Duggan: Bottle bill upgrade | Perspective

Our most successful recycling program — known as the bottle bill — is long overdue for an upgrade. For years, we’ve mostly relied on single-stream recycling programs that allow people to toss all of their recyclables into one bin. Although this seems like a convenient solution, the real story is about 25% of what we toss in those bins ends up in a landfill because it is too contaminated to go anywhere else or is not recyclable in the first instance. Even if these materials are recycled, the quality of the material produced is often poor because of contamination.

The good news is there is an easy solution that will create green jobs, reduce climate pollution, and keep more trash out of landfills: update the state’s existing bottle bill.

Vermont’s container deposit law has been a critical part of our state’s recycling system for nearly five decades and produces recycling rates of 75% or greater, even when the national recycling rates have plummeted. Here’s how it works: Vermonters pay an extra nickel for every bottle or can of beer or soda purchased and get the money back when they return the empty container. And the program produces a steady stream of uncontaminated recyclable material that can be truly recycled, which results in fewer new plastic, aluminum and glass containers that create toxic and climate pollution at every stage of their lifecycle.

On top of the environmental benefits, the bottle bill also provides economic benefits for Vermonters by creating green jobs at redemption centers, processing facilities and manufacturing centers. On average, container deposit systems create between 11 and 38 times more jobs than curbside recycling. Additionally, all of the money generated from unclaimed deposits — estimated to be worth over $2 million annually — is put into the Vermont Clean Water Fund for clean water improvement projects.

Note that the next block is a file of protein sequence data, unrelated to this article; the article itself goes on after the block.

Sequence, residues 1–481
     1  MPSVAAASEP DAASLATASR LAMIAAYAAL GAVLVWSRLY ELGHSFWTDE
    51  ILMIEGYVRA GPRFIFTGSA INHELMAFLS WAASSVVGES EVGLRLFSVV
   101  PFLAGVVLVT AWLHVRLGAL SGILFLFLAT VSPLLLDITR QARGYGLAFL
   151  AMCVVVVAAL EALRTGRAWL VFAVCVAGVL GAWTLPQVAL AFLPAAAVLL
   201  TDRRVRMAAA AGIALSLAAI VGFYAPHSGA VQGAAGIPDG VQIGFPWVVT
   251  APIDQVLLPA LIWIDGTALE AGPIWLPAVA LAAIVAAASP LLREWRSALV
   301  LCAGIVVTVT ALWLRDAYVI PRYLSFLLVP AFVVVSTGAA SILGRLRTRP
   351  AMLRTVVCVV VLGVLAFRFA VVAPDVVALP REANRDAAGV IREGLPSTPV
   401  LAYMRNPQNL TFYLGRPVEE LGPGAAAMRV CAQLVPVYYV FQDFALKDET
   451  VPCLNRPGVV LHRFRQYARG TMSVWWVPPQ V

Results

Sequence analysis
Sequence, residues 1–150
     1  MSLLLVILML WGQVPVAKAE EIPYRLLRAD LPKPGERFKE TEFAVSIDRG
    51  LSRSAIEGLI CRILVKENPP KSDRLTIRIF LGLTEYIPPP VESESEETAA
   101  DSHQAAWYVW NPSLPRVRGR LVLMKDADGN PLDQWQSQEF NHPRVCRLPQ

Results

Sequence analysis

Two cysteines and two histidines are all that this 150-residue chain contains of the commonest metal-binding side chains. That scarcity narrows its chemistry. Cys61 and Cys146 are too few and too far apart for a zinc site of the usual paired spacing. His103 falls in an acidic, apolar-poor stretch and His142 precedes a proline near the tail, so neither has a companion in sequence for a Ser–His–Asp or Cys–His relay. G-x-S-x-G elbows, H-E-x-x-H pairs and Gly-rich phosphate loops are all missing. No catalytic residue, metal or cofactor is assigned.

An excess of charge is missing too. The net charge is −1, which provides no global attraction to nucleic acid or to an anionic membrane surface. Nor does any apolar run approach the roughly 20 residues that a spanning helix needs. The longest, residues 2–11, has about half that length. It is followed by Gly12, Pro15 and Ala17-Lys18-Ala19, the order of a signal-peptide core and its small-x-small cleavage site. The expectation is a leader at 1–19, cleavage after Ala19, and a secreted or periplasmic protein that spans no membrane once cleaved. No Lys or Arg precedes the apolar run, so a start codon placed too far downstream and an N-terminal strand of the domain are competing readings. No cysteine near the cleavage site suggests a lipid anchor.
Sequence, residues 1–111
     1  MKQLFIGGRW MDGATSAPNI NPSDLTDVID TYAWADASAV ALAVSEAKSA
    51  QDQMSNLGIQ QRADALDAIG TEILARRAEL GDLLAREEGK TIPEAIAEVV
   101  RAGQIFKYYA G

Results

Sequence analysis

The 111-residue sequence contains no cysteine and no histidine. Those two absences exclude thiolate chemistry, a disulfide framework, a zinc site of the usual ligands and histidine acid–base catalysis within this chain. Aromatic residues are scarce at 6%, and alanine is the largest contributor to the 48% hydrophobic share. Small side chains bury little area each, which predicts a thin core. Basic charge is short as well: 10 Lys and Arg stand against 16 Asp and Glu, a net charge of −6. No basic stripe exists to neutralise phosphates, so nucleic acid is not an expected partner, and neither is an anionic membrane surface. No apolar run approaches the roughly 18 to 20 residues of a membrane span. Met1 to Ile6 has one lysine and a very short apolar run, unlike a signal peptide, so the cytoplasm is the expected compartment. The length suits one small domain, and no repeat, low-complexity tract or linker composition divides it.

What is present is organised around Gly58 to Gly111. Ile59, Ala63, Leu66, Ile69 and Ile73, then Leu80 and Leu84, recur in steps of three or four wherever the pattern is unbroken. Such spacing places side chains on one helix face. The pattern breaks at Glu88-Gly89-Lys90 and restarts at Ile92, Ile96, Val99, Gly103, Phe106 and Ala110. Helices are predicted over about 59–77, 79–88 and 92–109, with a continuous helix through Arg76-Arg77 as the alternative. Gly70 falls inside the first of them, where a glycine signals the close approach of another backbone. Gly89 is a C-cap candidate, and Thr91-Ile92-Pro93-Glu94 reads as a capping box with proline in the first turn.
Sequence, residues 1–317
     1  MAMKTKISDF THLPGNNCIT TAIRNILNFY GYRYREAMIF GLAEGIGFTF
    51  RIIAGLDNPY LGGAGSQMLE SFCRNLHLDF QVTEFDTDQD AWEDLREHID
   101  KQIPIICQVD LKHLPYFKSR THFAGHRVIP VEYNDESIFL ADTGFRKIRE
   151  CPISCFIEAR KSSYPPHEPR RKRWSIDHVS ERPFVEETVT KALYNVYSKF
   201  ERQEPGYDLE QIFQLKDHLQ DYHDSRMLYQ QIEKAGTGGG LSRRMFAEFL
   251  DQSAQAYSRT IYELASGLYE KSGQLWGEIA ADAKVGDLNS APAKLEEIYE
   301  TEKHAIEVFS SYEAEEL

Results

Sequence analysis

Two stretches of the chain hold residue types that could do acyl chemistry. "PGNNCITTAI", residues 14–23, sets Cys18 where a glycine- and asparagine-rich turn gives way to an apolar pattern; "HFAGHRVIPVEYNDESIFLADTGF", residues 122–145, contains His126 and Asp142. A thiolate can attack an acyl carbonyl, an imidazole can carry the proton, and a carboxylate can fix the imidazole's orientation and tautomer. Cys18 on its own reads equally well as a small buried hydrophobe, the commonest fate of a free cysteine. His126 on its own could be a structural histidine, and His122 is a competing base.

While the program has been successful, the bottle bill has not kept up with changing market trends and inflation.

When the bill was enacted in 1972, non-carbonated single-serve beverages did not exist. The times have changed and now bottled water, iced tea and sports drinks line the shelves of supermarkets. Vermont’s bottle bill only applies to carbonated drinks and only captures 46% of all beverages sold in the state. A 2018 estimate found the state is missing out on capturing about 20,000 tons of glass, plastic and aluminum that must be managed through costly single-stream recycling, or trash pickup and landfilling. Expanding the bill to include these non-carbonated beverage containers will add an estimated 397 million additional containers recycled each year.

Additionally, inflation has rendered the current nickel deposit less effective at…

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